My daughter is a spitfire. She’s a master tantrum-thrower, a repeater of curse words and an instigator of sibling rivalry. She’s five-and-a-half years of naughtiness and unbridled energy rolled up into the cutest little blonde diva you’ve ever seen. She’s a giggle monster who once requested to change her name to Cannonball. She’s a handful.
And she’s exactly the child I deserve.
As my parents tell me on a regular basis, little Cannonball is payback for the pain and suffering I inflicted upon them. (I wasn’t exactly the easiest child. Or tween. Or teenager.) And I freely admit that I probably deserve this kind of parental payback.
But I also deserve it after all the judgment I passed on other parents in my pre-Cannonball days. I remember how appalled I was when I walked out my house one day many years ago and watched my neighbor’s youngest daughter running down their driveway in nothing but a diaper and her older daughter climbing out the bathroom window on the opposite side of the house. What abysmal parenting! How could a mother possibly allow these horrible things to happen?!
Well, after living through some of the shenanigans Cannonball has pulled over the years, I’m now well aware how things like that can happen. I have also come to the realization that I’m now on the receiving end of those same judgments I once passed on other parents.
I can only imagine what the other mothers at the YMCA were thinking when they watched Cannonball almost drown during her group swim lesson because, when the instructor was with another child, she did the exact opposite of what she was told to do.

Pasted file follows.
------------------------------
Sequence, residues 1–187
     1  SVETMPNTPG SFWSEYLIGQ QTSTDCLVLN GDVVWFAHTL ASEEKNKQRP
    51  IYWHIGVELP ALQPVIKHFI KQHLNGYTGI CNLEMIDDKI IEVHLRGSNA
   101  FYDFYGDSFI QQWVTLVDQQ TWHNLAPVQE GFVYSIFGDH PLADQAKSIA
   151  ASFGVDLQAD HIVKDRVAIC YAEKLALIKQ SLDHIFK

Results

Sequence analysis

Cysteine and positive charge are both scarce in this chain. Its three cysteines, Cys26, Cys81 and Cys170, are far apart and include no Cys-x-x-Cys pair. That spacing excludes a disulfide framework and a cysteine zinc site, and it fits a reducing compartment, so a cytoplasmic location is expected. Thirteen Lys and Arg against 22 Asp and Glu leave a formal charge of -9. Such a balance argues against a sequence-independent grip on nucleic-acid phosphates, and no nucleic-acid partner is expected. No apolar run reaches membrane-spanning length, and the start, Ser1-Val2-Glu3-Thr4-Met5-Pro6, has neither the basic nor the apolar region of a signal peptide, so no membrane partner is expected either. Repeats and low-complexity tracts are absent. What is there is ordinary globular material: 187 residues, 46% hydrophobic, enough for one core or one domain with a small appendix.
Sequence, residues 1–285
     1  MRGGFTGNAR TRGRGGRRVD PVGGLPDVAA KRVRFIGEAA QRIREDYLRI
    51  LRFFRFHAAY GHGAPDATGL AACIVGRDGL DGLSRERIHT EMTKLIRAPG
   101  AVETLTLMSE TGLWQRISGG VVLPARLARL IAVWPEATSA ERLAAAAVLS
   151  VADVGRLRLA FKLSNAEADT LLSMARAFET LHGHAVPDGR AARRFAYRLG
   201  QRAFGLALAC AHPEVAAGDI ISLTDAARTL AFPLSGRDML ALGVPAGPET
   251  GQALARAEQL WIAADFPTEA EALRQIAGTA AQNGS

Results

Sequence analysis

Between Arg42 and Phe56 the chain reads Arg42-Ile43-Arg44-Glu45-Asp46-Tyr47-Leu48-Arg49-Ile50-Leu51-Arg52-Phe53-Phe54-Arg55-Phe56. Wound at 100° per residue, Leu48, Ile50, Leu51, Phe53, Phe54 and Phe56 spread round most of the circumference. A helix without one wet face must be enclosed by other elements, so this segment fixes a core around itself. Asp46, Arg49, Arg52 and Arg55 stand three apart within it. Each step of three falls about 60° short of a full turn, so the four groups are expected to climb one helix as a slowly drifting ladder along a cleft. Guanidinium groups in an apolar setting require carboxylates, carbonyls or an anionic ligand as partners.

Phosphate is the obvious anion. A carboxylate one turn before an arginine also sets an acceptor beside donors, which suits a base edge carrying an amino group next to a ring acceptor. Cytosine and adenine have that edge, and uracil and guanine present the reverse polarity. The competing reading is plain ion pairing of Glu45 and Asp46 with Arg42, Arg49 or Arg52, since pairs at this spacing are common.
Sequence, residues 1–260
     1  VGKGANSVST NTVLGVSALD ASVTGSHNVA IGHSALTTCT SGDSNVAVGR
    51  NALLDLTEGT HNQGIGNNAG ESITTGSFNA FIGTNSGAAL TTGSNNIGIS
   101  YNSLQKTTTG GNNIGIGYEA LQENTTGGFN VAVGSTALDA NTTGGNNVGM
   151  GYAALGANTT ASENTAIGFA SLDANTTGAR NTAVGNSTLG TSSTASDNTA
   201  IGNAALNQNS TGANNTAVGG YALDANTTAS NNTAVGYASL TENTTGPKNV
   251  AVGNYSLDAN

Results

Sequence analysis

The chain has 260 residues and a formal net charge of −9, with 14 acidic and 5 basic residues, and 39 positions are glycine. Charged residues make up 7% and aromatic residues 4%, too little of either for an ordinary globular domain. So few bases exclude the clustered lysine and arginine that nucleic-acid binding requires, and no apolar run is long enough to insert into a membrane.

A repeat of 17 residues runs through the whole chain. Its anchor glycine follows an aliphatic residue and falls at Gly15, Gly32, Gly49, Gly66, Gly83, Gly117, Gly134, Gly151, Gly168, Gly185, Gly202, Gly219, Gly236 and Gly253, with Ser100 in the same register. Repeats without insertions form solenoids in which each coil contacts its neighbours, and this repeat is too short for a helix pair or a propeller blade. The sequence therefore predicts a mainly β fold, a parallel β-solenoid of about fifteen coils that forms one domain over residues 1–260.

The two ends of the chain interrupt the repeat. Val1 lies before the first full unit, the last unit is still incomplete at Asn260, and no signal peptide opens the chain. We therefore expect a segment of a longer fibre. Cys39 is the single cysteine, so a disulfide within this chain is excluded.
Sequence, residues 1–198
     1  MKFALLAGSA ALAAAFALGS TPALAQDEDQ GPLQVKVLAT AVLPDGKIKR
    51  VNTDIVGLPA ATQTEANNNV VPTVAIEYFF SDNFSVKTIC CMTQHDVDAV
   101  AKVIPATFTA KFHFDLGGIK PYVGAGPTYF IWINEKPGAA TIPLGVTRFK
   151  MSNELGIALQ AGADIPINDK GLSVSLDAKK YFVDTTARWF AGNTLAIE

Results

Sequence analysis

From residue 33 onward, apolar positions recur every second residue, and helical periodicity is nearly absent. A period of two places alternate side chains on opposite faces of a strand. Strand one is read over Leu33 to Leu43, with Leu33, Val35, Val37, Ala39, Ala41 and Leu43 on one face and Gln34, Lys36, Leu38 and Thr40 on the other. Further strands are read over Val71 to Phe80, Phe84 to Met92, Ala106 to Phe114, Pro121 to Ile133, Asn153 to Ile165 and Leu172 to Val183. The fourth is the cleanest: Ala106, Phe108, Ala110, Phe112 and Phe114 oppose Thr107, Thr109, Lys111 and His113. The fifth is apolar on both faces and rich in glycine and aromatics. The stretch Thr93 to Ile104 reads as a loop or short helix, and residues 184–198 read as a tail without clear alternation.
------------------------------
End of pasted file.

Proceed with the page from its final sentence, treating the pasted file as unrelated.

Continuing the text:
I can only imagine what her teachers think of her clothing choices, the rotation of the same 3 outfits, one of which includes a Halloween shirt layered under the orange undershirt she tie-dyed at school for a field trip. She has a closet filled with adorable, never worn clothes, yet every day I’m still tempted to pen a note to her teachers begging them not to judge me on the basis of my child’s attire.
I can only imagine what the other parents at my son’s baseball practice were thinking when I ignored Cannonball’s complaints about being cold and brushed off her requests to wear my jacket. I attempted to explain that she had defiantly refused to put a jacket on before we left the house. I attempted to explain the concept of natural consequences as a way to teach her a lesson. I attempted to explain that, because of my amazing parenting skills, she would never refuse to wear a jacket ever again. But I could still feel the stares of the other parents as they offered my shivering child a blanket.
If I’ve learned anything as a parent, especially as a MilSpouse who often parents alone, it’s that I have to choose my battles. If Cannonball wants to wear two different shoes to school, fine. I can live with that. Not a battle I need to fight. But leaving the house without eating breakfast? Nope, that’s non-negotiable. That’s a battle worth my time and energy.
Just as I have to choose my battles with my children, I have to make similar evaluations with other parents as well. Parenting styles vary, and I can’t please everyone. Should I have wasted my breath trying to explain why I wasn’t making any effort to warm my daughter up at baseball practice? Probably not. No matter what I said, the parents who were going to inwardly criticize my choices would do so regardless of my explanation.
As military spouses and sometimes single parents, a lot of the time we have to resort to the “I gotta do what I gotta do” philosophy. And sometimes, when my husband is gone and my children are screaming at each other and my dinner is burning and I’m exhausted, what I gotta do is turn on the television and let SpongeBob take over parenting duties for the next 30 minutes. My old pre-Cannonball self, who swore she would never ever in a million years use TV as a baby-sitter, would throw judgment on that decision, but I have to choose my battles with her too.
Have you ever judged other parents because of their children’s behavior? Do you feel like other people judge your parenting skills or decisions?